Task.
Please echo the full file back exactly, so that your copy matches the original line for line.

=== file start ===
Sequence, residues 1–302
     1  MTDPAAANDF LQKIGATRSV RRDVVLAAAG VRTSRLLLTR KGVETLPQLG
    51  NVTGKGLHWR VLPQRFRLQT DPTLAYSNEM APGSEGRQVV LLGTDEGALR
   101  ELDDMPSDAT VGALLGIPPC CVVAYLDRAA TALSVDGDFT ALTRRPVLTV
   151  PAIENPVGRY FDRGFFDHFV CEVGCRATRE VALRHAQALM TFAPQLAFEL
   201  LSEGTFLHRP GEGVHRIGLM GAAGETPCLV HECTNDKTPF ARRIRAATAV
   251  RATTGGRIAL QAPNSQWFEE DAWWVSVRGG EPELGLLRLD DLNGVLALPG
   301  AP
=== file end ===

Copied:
Sequence, residues 1–302
     1  MTDPAAANDF LQKIGATRSV RRDVVLAAAG VRTSRLLLTR KGVETLPQLG
    51  NVTGKGLHWR VLPQRFRLQT DPTLAYSNEM APGSEGRQVV LLGTDEGALR
   101  ELDDMPSDAT VGALLGIPPC CVVAYLDRAA TALSVDGDFT ALTRRPVLTV
   151  PAIENPVGRY FDRGFFDHFV CEVGCRATRE VALRHAQALM TFAPQLAFEL
   201  LSEGTFLHRP GEGVHRIGLM GAAGETPCLV HECTNDKTPF ARRIRAATAV
   251  RATTGGRIAL QAPNSQWFEE DAWWVSVRGG EPELGLLRLD DLNGVLALPG
   301  AP